Tree Valuation - what is a tree worth?

There is considerable interest currently on how amenity trees can and should be valued. However there is some confusion and controversy on what methods to use and potential wide variation in figures produced. This can lead to experts providing poor quality advice to clients and to disputes being resolved on the basis of misleading advice.

Dr Jon Heuch provides training on tree valuation to arboricultural consultants and is a member of the Council of Tree and Landscape Appraisers UK Plant Appraisal Committee.

The need to value trees arises for several different reasons - damage by a third party, an insurance claim, development of public policy, justification of a council's budget to name the most likely ones. Arborists have no academic training on valuation matters and may attempt to provide valuation advice on the basis of a single day's training (or several of such training days). Valuation of amenity trees is a matter that can be addressed from the view of an accountant, a surveyor or an economist. It is a surprise to many arborists that different professions will come up with different valuation approaches and thus widely differing estimates of value. The results are not a suprise to those with any experience in valuation:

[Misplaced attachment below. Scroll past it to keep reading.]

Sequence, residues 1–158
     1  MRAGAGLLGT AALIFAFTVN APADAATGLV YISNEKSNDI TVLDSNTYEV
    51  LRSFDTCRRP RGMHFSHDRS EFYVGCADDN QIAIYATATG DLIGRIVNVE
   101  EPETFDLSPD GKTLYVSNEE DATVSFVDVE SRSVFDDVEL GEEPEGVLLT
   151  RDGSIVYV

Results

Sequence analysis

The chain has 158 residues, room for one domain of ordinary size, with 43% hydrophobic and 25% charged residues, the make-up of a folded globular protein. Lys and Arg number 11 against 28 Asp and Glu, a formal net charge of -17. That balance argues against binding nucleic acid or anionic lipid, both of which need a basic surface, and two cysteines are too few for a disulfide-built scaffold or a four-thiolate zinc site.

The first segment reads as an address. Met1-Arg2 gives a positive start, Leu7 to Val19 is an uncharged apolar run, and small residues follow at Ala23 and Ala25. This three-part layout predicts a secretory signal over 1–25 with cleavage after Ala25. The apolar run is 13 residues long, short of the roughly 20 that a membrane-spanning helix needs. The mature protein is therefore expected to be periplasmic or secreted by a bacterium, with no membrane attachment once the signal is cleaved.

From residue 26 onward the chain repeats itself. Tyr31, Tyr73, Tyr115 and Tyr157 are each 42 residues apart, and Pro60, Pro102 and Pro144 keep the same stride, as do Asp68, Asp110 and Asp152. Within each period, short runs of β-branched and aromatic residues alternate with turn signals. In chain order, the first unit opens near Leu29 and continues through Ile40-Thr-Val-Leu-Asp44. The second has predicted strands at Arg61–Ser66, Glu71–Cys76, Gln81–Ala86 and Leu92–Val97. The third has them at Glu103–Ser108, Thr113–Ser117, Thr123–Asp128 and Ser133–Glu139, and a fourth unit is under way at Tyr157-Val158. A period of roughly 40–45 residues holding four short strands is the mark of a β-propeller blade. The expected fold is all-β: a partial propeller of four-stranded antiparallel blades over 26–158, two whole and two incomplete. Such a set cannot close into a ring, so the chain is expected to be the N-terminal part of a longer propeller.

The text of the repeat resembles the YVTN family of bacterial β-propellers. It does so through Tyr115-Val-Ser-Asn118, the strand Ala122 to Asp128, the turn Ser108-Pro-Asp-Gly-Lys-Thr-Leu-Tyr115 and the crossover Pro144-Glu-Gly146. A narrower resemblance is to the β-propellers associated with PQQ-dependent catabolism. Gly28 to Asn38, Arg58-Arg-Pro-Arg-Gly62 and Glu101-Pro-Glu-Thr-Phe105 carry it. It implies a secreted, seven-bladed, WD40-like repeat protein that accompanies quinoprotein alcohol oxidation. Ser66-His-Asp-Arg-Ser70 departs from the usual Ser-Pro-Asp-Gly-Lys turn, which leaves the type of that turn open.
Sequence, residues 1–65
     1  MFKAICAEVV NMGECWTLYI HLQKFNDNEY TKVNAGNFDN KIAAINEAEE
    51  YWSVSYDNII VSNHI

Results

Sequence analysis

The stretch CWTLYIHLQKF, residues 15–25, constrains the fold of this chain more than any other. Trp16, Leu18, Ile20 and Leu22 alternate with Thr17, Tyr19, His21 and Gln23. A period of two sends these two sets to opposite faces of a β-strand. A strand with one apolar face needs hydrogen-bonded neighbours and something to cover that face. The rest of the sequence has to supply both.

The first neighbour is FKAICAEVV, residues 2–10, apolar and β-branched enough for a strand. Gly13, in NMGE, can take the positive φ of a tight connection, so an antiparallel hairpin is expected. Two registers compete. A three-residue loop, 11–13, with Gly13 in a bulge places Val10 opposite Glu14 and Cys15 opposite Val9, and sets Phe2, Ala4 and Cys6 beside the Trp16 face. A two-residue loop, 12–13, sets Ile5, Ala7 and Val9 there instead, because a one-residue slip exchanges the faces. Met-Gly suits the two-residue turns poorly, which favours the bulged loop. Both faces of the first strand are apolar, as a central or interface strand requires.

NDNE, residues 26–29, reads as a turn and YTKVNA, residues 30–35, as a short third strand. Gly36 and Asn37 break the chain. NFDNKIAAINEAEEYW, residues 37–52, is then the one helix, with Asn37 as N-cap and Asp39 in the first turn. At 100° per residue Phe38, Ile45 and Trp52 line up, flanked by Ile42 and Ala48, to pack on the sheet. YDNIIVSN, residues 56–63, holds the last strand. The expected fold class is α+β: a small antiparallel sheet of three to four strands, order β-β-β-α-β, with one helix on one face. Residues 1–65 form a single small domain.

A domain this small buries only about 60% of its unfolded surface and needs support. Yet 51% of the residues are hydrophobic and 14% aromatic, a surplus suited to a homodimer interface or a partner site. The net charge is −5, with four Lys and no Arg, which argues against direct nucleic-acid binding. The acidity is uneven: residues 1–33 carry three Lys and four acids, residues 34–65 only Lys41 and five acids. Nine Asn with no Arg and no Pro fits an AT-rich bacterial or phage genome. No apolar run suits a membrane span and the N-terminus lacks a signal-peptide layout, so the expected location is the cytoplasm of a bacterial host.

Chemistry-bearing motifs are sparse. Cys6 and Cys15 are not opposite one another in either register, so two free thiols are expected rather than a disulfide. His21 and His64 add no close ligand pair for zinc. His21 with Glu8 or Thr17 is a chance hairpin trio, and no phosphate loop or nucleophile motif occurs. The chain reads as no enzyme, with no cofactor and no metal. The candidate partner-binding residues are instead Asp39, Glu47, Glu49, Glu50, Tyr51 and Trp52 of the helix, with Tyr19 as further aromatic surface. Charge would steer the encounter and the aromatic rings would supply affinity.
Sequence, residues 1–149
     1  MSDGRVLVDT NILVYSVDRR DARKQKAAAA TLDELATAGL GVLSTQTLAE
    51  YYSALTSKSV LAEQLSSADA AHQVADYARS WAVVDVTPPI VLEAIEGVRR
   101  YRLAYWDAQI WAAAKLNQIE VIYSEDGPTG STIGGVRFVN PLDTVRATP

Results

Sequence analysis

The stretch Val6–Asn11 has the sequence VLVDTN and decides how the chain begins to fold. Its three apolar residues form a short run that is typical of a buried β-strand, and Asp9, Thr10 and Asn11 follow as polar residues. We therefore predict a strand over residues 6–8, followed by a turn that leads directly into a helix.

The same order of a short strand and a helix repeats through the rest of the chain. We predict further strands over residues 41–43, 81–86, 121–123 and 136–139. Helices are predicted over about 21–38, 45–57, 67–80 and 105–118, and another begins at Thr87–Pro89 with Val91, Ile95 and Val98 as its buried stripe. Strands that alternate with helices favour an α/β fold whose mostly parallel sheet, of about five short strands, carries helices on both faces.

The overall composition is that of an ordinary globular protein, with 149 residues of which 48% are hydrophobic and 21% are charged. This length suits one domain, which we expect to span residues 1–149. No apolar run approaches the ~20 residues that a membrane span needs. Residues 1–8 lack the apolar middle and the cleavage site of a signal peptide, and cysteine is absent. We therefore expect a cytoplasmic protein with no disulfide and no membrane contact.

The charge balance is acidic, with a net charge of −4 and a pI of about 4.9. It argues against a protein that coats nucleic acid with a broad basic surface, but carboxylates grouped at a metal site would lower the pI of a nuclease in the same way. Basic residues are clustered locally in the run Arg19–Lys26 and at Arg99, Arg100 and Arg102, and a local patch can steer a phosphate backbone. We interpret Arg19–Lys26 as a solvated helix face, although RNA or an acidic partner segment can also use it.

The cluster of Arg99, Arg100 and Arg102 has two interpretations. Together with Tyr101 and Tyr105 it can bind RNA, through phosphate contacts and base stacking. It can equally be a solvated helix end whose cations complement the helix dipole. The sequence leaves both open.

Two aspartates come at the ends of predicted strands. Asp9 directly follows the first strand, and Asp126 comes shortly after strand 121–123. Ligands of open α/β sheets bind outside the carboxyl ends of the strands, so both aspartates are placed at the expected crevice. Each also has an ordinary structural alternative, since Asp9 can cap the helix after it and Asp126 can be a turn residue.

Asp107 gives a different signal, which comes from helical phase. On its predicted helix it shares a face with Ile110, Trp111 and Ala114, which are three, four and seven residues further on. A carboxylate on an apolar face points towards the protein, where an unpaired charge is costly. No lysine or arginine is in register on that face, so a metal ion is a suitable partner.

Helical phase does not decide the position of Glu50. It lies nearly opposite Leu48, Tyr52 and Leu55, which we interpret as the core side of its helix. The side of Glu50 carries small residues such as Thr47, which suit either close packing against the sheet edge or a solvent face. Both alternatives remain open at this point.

Bryant v Macklin [2005] EWCA Civ 762

available at

provides some useful guidance on how a law court might deal with a compensation claim when mature trees are damaged by a neighbour, and also the pitfalls of providing expert advice.

Arborists have developed three different methods of considering value - Helliwell, CAVAT and CTLA. The Royal Institutions of Chartered Surveyors (RICS) has recently reviewed them and concluded "they can arrive at substantially differing figures" and "great care is likely to be needed in recognising that each method has been formulated for a particular application and on a particular methodological basis".

If your vegetation has been damaged by a third party, by an accident or storm it is worthwhile having a professional valuation undertaken in order to inform any resulting action. This can dramatically strengthen your hand in obtaining compensation.

He has experience of advising insurance companies, loss adjusters and owners of vegetation with regards to appropriate methods for dealing with valuation for their particular case. However, knowledge of valuation first principles underlying valuation techniques makes his valuations robust and less likely to be queried.